We need to talk about onshore
Is Europe's terrestrial wind business in danger of being forgotten?
Despite having battled severe economic headwinds, Europe's offshore wind industry has really picked up the pace this year and substantially increased its market share.
According to EWEA, developers connected 132 turbines to the grid in the first half of 2012, and those turbines, which have the cumulative capacity to generate 523 megawatts, represent a 50 percent increase over the first half of 2011. In total, it points to a surprisingly good year for offshore in Europe - some say the best ever.
In fact, according to those EWEA figures, a further 160 turbines, totalling 647.4 MW, are built but awaiting grid connection (this is subject to weather conditions at sea and grid connection delays).
However - and this is a big however - the figures for onshore in Europe don't seem to be stacking up quite as well. A simple scan through the results on Google News for ‘onshore developments' point to a dip in orders. Or perhaps just a blip.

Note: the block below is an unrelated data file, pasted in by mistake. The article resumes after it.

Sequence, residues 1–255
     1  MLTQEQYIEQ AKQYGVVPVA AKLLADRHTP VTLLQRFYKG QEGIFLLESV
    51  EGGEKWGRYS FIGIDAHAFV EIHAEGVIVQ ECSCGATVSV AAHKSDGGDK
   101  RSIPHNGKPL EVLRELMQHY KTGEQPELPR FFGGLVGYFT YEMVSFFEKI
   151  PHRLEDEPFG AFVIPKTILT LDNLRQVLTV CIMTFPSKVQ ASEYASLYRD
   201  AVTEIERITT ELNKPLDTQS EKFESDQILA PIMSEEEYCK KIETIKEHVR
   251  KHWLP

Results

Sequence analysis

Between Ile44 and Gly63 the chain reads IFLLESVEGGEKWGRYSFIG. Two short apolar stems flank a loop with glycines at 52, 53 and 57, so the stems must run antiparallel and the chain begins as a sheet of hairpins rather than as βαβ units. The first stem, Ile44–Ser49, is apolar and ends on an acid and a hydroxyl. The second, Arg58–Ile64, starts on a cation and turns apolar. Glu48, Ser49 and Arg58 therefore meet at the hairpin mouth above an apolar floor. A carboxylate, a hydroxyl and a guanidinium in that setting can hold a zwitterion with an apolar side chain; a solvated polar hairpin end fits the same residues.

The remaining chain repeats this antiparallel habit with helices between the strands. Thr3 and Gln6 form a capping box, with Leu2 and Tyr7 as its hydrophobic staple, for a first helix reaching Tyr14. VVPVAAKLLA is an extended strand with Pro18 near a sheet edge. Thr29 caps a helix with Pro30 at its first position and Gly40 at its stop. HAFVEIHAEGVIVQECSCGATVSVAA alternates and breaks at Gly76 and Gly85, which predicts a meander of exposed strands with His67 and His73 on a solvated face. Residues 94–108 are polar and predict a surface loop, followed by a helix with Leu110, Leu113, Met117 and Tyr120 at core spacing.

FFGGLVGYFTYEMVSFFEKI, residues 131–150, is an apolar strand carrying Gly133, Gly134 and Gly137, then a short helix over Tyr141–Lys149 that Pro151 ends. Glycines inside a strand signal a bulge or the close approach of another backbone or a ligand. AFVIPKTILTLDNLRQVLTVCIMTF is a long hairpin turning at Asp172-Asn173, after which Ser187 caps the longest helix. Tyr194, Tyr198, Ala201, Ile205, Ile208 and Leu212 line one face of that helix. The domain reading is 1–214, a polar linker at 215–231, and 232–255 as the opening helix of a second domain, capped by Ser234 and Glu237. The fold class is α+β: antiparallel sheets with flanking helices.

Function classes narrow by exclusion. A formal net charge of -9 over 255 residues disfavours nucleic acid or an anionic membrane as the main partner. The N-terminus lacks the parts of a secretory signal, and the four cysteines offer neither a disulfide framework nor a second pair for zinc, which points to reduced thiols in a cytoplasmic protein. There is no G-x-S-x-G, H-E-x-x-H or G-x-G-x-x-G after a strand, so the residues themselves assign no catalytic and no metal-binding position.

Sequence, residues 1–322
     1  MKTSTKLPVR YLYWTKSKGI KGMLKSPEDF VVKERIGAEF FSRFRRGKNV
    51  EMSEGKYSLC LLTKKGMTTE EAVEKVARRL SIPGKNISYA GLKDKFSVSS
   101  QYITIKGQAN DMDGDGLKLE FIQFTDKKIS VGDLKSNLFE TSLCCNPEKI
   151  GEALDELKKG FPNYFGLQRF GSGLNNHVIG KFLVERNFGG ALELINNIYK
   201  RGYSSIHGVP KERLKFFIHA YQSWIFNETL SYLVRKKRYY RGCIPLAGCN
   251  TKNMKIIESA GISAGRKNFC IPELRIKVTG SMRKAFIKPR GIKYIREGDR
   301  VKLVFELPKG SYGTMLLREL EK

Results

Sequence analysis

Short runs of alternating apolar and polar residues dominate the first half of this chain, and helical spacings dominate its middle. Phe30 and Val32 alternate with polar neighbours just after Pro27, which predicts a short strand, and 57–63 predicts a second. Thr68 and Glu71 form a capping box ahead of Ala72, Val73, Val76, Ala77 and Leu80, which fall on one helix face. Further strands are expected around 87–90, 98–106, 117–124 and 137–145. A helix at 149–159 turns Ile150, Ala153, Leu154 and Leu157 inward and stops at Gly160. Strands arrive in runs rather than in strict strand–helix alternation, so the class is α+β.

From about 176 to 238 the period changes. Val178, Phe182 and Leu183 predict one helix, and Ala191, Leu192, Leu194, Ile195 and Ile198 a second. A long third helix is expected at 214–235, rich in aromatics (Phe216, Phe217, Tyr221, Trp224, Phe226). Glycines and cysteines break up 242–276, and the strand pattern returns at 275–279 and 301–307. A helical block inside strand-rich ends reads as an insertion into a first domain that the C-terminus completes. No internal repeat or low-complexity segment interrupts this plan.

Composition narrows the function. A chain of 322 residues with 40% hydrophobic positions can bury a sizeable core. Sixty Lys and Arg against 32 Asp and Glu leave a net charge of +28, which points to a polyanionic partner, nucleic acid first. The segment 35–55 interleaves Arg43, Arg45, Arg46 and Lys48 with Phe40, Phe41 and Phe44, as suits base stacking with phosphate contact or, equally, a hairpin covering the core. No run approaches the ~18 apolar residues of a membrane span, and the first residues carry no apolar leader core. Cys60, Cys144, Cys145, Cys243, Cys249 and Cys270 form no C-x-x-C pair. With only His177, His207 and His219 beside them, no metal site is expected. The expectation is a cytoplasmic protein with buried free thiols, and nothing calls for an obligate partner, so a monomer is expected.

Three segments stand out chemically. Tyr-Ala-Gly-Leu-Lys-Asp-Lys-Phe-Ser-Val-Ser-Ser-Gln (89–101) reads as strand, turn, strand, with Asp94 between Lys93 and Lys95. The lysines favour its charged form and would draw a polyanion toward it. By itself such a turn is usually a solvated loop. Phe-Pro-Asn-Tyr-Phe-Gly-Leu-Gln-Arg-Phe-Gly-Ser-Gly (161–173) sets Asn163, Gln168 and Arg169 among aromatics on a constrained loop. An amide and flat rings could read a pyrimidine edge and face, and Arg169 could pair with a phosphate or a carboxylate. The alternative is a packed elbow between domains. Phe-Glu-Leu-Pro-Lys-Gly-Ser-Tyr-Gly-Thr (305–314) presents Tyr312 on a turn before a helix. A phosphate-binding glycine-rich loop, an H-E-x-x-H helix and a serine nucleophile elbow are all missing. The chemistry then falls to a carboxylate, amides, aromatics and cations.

The situation is not helped, of coursed, by the ongoing situation with subsidies, and in fact, the UK has further complicated matters by ordering a 10 per cent cut in onshore subsidies.
The UK's Department of Energy & Climate Change (DECC) has succeeded in introducing the cut - despite winning a battle with the finance ministry, which wanted deeper cuts (of 25 per cent, reportedly). "Renewable energy will create a multi-billion pound boom for the British economy, driving growth and supporting jobs across the country," said Secretary of State for Energy & Climate Change Ed Davey, who claimed that the changes to the Renewable Obligation (RO) rebanding will trigger between £20 billion ($31 billion) and £25 billion of investment into the UK economy over 2013-17.